Sailing Short Handed in Heavy Weather

I received Surviving the Storm for Christmas, and have found it to be a very informative and useful book. It is great that you provide specific advice on what to do in different situations. You also inspire a great deal of confidence in the boat – that most modern boats will survive if the crew is careful.

I do have a couple of questions. How do you maintain active tactics like running off or heading up into large waves when 1) you are shorthanded with a husband and wife only on board and/or 2) it is night and you can’t see the waves coming? Regards, Hank

Hi Hank: You’ve hit the two bottom line questions on the head. While these are covered in some detail in the book, and there are no easy answers, here’s what we think:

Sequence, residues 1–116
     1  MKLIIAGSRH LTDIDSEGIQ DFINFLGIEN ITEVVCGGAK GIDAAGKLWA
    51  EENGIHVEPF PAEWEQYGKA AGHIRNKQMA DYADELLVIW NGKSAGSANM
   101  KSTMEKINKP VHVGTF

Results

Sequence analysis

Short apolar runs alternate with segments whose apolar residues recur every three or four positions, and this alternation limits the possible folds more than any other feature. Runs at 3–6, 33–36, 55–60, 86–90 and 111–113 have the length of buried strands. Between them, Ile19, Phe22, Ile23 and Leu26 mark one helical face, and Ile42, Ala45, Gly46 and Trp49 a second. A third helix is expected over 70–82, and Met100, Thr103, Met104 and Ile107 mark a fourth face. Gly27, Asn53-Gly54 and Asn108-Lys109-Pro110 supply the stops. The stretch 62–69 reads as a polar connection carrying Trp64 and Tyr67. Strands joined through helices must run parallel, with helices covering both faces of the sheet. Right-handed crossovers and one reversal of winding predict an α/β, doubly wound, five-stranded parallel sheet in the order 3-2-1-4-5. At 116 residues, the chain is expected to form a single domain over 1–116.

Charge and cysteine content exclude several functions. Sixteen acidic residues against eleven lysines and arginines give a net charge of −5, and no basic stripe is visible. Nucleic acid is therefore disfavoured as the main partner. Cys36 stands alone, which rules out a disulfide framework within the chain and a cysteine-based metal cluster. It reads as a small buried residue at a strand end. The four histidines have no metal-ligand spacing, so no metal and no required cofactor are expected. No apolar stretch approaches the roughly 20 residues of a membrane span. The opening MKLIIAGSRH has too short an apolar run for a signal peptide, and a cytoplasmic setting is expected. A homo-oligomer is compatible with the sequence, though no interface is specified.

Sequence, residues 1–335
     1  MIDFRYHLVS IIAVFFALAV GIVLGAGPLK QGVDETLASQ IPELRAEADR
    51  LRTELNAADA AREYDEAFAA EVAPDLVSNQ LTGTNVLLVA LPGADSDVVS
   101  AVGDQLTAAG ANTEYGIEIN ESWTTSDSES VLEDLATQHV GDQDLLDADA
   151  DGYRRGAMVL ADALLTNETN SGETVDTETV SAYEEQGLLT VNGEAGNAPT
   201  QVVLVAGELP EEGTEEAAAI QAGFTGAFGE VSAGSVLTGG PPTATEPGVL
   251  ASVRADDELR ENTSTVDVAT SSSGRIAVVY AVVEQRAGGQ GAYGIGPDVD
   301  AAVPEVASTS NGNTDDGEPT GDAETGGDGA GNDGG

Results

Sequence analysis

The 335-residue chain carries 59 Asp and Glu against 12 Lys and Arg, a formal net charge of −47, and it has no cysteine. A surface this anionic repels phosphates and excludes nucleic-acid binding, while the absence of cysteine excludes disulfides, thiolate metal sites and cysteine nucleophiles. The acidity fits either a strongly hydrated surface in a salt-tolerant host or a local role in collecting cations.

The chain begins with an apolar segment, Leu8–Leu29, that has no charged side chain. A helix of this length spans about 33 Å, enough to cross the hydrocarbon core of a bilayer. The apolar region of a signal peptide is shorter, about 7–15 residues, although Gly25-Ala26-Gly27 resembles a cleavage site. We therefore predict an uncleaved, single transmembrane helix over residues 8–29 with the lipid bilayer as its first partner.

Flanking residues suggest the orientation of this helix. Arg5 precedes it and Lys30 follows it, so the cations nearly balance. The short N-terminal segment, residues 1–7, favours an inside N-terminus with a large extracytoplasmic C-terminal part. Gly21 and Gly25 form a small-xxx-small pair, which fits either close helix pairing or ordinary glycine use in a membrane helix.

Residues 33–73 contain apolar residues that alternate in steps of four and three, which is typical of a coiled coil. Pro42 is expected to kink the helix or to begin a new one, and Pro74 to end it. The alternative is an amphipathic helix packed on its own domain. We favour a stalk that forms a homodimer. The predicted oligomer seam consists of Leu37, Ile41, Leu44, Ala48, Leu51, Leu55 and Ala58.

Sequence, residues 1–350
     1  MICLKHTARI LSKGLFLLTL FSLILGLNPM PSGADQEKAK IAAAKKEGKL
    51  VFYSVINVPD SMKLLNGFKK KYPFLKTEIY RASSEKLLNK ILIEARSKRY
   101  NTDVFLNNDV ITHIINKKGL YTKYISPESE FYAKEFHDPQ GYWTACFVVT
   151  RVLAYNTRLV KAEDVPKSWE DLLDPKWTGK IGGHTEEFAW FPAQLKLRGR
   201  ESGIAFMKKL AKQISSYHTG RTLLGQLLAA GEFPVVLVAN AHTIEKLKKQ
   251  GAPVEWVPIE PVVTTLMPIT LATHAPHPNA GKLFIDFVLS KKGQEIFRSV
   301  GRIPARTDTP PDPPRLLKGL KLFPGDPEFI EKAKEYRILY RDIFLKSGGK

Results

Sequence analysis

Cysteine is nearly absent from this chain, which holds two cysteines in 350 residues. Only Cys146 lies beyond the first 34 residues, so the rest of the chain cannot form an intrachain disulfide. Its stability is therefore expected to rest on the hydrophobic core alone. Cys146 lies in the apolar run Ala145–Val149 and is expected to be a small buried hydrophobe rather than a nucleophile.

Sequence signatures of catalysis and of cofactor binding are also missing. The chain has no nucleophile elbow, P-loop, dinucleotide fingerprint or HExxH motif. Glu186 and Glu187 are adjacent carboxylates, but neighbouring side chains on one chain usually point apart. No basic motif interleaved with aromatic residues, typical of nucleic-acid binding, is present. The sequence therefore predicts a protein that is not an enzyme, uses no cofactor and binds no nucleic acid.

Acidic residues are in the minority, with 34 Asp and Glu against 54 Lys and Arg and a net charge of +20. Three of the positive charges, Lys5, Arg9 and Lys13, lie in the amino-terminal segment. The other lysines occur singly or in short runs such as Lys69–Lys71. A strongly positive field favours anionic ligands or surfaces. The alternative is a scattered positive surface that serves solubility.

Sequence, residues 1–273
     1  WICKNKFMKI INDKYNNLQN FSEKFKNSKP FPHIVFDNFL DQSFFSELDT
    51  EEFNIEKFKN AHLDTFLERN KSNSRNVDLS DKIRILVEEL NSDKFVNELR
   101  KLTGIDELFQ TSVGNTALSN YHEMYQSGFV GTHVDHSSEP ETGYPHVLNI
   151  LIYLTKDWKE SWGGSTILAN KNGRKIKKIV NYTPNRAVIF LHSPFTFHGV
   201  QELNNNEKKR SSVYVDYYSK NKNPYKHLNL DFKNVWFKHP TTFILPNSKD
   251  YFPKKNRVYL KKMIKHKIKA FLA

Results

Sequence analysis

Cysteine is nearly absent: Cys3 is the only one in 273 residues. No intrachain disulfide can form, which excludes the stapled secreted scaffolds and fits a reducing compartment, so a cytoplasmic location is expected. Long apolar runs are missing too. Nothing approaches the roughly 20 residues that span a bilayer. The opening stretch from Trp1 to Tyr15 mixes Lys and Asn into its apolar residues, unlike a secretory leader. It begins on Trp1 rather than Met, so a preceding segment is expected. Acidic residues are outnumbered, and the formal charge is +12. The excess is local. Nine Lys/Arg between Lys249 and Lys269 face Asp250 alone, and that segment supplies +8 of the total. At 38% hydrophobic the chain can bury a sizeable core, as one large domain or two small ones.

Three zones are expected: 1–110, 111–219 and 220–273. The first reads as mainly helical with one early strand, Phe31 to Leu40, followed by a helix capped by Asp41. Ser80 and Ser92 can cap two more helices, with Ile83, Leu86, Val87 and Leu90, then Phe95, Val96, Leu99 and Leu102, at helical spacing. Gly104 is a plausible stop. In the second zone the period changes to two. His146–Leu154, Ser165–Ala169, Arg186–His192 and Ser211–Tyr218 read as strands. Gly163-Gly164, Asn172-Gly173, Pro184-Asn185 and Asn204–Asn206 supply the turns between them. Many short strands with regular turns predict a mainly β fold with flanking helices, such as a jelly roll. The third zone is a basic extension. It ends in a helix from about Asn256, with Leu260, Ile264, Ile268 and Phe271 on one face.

1. At night, even under the blackest of conditions, you can usually sense by feel or hearing the waves as they are coming at you. In addition, unless you cannot see because of the wind velocity or amount of water in the air – and in the worst of conditions diving goggles help – you can see the waves on very dark nights.

2. There always comes a point where two people can no longer physically cope, and at this point passive tactics may be necessary. If this is a risk factor, a major issue becomes husbanding your endurance. Do this by resting when possible, by avoiding dehydration, by being in good physical shape to begin with, and perhaps most important, by being secure in your knowledge that you and the boat are prepared – so that fear doesn’t sap your will to fight.

It is often better to conserve your energy during the early part of a storm by adopting passive tactics, so that you will be as rested as possible if and when it becomes necessary to steer. The tricky part here is knowing if pushing on would get you out of harm’s way.

Regards – Steve

Posted by Steve Dashew  (November 30, 1999)

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